Hertzsprung discovered that a significant population of stars existed outside the “main sequence” of stars (of which the Sun is one). He called these giant and dwarf stars because they were significantly different in characteristics from the main-sequence stars. With the establishment of the main sequence, the unique nature of the giant and dwarf stars became strikingly clear. Such a sequencing method would point later to important evolutionary aspects of stellar development and also to the amount of time each star could exist. Such an incredible diversity of science has emanated from the use of the H-R diagram that there are few areas of modern astronomy that do not rely on the diagram as a fundamental cornerstone.

One of the vital aspects of theoretical astronomy that emerged as a corollary to the H-R diagram is the idea that, given that the kinds of stars depicted on and classified by the diagram are apparently universal, a ubiquitous process of stellar Stellar evolution
Stars;evolution development and evolution must be occurring everywhere. This has, in turn, led to speculations of how the Sun will behave and what the duration of the Sun’s lifetime will be. Looking at other stars on the H-R diagram, one can follow the Sun’s evolutionary position from birth to death as a red giant star.

Another important aspect of the diagram is that it allows astronomers and other scientists to understand much about the environment of any star and near space, so that the conditions on any theoretical planet in orbit around any star can be theorized. From this speculation and knowledge of the population distribution of each type of star on the diagram, complex theories have been developed, such as how many of each class of star could support conditions for the development of life in the universe. Stars;classes
Giant stars
Dwarf stars

Further Reading

  • Asimov, Isaac. Extraterrestrial Civilizations. New York: Crown, 1979. Makes use of stellar types and classes to detail how life could evolve and survive around different types of stars (including giant and dwarf). A good example of how deeply the H-R diagram had woven its way into all aspects of astronomy.
  • Bok, Bart I., and Priscilla F. Bok. The Milky Way. 5th ed. Cambridge, Mass.: Harvard University Press, 1981. The definitive book on the Milky Way galaxy, written by two of the world’s experts on the subject. Well written and easy to understand. Includes a detailed deliberation of the H-R diagram and its relevance to the discussion of the nearer stars in the vicinity of the Sun. Illustrated.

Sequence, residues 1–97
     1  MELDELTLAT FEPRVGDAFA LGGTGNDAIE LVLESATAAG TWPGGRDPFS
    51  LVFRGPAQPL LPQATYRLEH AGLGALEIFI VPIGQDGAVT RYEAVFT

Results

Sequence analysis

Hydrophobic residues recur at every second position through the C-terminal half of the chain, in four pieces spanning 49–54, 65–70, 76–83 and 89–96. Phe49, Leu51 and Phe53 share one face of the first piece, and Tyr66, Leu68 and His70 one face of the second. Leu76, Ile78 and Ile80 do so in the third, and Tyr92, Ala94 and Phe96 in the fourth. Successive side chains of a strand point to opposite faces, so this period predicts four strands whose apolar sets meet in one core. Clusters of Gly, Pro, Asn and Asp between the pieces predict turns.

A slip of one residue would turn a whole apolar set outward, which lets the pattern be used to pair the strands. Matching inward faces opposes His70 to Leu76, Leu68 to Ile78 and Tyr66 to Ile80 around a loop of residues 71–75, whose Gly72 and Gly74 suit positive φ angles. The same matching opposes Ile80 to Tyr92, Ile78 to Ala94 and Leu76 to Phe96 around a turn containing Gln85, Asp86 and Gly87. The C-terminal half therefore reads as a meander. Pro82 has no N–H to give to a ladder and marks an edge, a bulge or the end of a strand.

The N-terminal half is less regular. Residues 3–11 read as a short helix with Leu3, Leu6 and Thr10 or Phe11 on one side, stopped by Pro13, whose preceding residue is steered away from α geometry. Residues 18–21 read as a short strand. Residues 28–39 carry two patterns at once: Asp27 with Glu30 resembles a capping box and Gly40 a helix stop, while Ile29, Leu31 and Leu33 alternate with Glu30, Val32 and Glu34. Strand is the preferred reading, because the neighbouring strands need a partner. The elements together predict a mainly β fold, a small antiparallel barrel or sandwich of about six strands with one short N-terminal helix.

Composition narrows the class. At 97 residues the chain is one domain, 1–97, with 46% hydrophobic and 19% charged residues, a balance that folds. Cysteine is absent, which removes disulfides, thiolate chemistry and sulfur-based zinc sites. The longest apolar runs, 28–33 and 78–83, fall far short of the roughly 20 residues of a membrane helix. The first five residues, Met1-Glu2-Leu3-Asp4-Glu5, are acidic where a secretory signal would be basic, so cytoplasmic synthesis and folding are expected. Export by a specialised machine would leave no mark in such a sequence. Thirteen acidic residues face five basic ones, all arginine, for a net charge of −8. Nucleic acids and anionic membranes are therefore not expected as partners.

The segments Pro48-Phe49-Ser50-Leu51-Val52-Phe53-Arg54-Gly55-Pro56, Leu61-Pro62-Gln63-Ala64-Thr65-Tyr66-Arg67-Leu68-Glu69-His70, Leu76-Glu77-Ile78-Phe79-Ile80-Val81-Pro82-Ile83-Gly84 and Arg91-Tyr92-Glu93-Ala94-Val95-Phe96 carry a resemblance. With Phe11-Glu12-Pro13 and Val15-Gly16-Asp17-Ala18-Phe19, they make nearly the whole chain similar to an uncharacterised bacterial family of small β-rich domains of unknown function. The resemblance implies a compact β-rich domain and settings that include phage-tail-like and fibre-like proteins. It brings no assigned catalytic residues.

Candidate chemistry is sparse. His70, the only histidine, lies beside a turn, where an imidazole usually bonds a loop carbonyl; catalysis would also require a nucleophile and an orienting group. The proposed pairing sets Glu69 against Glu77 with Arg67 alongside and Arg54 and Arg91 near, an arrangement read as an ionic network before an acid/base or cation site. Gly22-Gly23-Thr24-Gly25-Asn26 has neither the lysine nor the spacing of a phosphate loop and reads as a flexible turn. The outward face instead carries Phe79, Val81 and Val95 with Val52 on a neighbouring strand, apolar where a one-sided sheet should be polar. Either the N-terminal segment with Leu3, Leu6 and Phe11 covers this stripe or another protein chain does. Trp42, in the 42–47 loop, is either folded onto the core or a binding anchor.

• Chaisson, Eric, and Steve McMillan. Astronomy Today. 4th ed. Upper Saddle River, N.J.: Prentice Hall, 2001. Chapter 17, titled “Measuring the Stars,” includes discussion of Hertzsprung’s work and explains how H-R diagrams are constructed and used to identify stellar properties.
  • Cornell, James, and Alan P. Lightman, eds. Revealing the Universe. Cambridge, Mass.: MIT Press, 1982. Discusses in some detail specific areas of observational and theoretical astronomy. The H-R diagram is included in some of the discussions, specifically on how the shape of stellar interiors predicts the shape of the H-R diagram. Somewhat technical; aimed primarily at readers with a scientific background. Illustrated.
  • Hartman, William K. Astronomy: The Cosmic Journey. Belmont, Calif: Wadsworth, 1978. Addresses all the basic features of astronomy. Offers detailed discussion of not only the H-R diagram but also giant and dwarf stars. For general readers, especially those with a minimal grounding in science. Heavily illustrated.
  • Harwit, Martin. Cosmic Discovery. New York: Basic Books, 1981. Presents a fascinating expedition through the history and foundation of astronomy. Discusses some of the history of Hertzsprung’s development of the H-R diagram and his use of the classification data from the Harvard College Observatory. For a wide audience. Illustrated.
  • Kaler, James B. “Journeys on the H-R Diagram.” Sky and Telescope (May, 1988): 483-485. Offers a concise view of the H-R diagram and its many uses. Presents a complete discussion of the giant and supergiant classes and why they lie outside the main sequence. Illustrated.
  • Zeilik, Michael, and Stephen A. Gregory. Introductory Astronomy and Astrophysics. 4th ed. Monterey, Calif.: Brooks/Cole, 1997. Introductory text provides a useful overview of general astronomy, including basic spectral issues and the use of H-R diagrams.